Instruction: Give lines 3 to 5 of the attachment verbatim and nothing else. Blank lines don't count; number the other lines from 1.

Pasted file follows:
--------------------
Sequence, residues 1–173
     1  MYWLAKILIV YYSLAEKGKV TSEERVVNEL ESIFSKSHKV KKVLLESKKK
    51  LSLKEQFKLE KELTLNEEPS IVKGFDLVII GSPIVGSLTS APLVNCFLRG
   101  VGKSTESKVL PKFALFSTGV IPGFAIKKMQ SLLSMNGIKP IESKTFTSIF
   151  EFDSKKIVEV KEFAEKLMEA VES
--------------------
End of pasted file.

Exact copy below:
    51  LSLKEQFKLE KELTLNEEPS IVKGFDLVII GSPIVGSLTS APLVNCFLRG
   101  VGKSTESKVL PKFALFSTGV IPGFAIKKMQ SLLSMNGIKP IESKTFTSIF
   151  EFDSKKIVEV KEFAEKLMEA VES